#day60 of #100happydays is an email from my brother #ElderAlforque who shared his story of bloody feet, when he’s released and how much being missionary is A***** #LDS
Q: In my novel I'm playing with the idea of magic being sentient and having it's own will and plan but I'm not quite sure how this would work outside of the plan that is has.Would it get involved with everyday magical things, like students studying, or would it just sit at the sidelines and meddle every now and then? It feels like it's more portraying a God than magic itself, I'm a little unsure of how to proceed.


This is a truly interesting question that deserves an equally (I hope) interesting answer. That said, I cannot answer it definitively for one side or the other, so instead let me do what I do best and talk about semantics. Let’s consider a few facets of thought and consciousness, and you may take from it what you will (all the while remembering that I have next to no higher education and that I am essentially just someone with a keyboard and access to the Internet.)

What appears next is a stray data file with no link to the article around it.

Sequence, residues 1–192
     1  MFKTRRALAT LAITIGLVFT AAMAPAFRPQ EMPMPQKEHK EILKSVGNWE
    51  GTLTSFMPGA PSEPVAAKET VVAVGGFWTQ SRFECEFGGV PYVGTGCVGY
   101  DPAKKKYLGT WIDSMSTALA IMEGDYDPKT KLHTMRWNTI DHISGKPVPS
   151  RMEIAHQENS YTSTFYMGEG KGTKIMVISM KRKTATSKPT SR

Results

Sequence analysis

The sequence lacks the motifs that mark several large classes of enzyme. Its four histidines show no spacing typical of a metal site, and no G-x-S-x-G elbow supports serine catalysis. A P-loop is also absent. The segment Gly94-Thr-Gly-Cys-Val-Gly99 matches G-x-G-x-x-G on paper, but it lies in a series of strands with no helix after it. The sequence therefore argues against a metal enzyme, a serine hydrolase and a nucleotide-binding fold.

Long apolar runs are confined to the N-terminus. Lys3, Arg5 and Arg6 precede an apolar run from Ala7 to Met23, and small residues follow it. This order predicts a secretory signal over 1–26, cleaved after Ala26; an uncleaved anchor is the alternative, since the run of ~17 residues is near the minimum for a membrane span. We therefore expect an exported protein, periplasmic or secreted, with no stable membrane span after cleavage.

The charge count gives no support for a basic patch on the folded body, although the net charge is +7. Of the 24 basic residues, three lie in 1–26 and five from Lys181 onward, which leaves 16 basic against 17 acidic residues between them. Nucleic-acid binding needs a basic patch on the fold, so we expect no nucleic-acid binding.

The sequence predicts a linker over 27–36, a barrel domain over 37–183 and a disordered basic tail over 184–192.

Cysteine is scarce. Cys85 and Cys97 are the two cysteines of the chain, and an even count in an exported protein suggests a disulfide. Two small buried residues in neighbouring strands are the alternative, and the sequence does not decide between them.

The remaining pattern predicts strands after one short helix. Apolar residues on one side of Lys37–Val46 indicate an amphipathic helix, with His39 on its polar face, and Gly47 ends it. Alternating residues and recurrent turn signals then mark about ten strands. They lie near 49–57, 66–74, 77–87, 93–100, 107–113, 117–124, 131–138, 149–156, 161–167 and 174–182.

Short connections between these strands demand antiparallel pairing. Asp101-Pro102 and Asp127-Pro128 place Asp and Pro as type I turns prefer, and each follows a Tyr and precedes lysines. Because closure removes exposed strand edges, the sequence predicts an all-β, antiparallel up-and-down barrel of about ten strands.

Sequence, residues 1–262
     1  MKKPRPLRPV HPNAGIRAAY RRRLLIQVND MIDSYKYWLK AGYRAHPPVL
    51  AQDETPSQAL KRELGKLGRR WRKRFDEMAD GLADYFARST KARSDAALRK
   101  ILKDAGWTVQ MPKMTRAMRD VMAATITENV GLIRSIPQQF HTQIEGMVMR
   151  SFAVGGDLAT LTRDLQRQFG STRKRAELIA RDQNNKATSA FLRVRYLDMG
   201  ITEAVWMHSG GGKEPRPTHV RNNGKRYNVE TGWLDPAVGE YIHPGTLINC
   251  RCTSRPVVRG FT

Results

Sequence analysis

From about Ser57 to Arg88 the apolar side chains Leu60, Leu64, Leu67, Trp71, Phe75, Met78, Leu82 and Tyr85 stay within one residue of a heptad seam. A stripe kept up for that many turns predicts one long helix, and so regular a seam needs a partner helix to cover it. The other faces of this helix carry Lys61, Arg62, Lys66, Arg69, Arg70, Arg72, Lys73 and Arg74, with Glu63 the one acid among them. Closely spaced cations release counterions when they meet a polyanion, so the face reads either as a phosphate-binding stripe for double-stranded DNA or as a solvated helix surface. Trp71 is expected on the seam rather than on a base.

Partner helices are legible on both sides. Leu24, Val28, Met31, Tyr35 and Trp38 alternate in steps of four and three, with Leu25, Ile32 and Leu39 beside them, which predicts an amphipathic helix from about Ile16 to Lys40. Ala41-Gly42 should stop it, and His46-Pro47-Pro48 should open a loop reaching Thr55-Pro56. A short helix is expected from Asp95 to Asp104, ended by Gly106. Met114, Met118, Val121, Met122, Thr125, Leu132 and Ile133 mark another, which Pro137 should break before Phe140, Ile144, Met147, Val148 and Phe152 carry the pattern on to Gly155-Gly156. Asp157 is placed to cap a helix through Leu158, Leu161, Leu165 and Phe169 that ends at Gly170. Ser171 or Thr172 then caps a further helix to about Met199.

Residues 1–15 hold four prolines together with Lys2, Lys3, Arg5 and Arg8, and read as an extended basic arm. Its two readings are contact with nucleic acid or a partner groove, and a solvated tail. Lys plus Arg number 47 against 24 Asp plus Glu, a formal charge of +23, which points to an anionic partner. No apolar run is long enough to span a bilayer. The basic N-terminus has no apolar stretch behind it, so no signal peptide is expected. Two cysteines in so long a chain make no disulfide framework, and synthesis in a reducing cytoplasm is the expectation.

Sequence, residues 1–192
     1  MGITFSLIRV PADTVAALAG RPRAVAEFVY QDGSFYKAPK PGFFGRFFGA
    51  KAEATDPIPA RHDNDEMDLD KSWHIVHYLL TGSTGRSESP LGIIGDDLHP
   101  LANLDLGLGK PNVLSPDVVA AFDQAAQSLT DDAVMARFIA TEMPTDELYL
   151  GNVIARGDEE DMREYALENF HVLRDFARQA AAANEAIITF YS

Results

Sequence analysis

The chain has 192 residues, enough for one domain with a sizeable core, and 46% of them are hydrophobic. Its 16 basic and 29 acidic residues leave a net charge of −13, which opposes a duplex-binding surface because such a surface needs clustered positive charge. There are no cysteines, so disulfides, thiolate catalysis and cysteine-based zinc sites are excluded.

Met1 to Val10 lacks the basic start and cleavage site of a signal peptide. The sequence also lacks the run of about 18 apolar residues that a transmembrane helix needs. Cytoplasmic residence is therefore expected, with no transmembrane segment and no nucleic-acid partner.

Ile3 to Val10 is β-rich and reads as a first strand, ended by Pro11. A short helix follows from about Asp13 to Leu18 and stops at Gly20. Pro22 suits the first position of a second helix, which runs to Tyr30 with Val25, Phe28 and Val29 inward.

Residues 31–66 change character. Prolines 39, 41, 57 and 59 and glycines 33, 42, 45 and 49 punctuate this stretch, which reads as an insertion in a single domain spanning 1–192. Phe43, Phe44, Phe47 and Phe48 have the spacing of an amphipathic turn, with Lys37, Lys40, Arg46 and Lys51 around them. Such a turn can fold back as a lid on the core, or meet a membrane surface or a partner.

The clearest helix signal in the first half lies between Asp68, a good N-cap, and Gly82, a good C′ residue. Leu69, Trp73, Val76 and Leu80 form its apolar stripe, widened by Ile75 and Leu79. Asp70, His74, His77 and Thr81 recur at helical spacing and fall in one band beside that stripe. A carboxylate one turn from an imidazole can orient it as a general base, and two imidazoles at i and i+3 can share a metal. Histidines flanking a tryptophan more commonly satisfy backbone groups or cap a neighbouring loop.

• Sentience vs. Sapience

Sentience can be described as consciousness. It is the ability to understand and interpret signals and the ability to act on one’s own. Sapience can then be described as something akin to mindfulness. It is the ability to think in abstracts and theories, the ability to search for meaning rather than purpose. Sentience is being, while sapience is living. Sentience is knowing, while sapience is understanding. Which one is your magic system?